As Miss Gleitze sat exhausted in the boat headed to shore, a journalist noticed that she had a watch dangling around her neck. He asked to have a closer look at it and was amazed to discover that it was water-tight and still keeping accurate time.
The rest is history. It was a brilliant stroke of marketing on the part of Rolex founder, Hans Wilsdorf, and it helped cement Rolex's reputation for water-proof watches.

Just over a decade later, an Italian manufacturer, named Panerai, began supplying the Royal Italian Navy with wristwatches. These watches had cases and movements made by Rolex and later became part of the equipment used by Navy divers during the Second World War. This is a Radiomir model from around 1940;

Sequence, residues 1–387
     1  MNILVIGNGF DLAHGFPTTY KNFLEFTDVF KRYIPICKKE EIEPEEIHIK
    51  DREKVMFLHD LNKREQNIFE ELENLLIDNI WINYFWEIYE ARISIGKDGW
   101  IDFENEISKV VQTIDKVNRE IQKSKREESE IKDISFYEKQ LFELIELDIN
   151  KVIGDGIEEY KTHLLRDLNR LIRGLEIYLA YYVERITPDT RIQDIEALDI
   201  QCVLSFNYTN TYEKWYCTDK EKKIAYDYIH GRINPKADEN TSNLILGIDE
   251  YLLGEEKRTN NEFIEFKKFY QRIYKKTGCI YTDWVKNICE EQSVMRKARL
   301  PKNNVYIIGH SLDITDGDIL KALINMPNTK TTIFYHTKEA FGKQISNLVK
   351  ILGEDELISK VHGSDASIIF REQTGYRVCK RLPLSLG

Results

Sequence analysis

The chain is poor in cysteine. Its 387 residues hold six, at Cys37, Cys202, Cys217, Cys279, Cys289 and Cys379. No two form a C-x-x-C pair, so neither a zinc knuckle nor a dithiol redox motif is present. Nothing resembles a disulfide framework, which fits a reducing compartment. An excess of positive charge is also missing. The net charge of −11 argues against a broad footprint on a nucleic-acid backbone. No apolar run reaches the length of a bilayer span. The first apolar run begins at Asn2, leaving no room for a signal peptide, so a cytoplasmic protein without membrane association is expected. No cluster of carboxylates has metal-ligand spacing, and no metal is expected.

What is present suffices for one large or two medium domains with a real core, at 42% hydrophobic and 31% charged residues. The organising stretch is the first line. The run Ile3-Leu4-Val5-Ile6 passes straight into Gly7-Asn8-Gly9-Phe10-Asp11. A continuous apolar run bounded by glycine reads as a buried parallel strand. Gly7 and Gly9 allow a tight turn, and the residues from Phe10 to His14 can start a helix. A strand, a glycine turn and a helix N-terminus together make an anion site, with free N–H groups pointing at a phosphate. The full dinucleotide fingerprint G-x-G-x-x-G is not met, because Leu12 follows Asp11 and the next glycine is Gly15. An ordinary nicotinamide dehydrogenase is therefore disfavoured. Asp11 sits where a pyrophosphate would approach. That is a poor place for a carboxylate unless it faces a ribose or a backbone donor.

Picture courtesy of

And you can see that it demonstrates the most important aspect of a dive watch- legibility. Okay, forget that the Radium coated numerals on the dial have faded over the years (actually, it appears there may have been some water-entry into the case at some point). This watch is very interesting for the fact that the dial was made up of two separate sections. The main dial had the hour markers and numbers cut out of it, like a stencil. This dial was then placed over the top of another disc that was coated in luminous (and radioactive) Radium compound. The end result provided a highly visible-in-low-light watch dial. The watch above is extremely rare. Panerai's wristwatch manufacture was primarily produced for military use only, from the late 1930s through to the 1950s, before the brand was resurrected in the early '90s and began regular production for civilian use.

But I digress a little.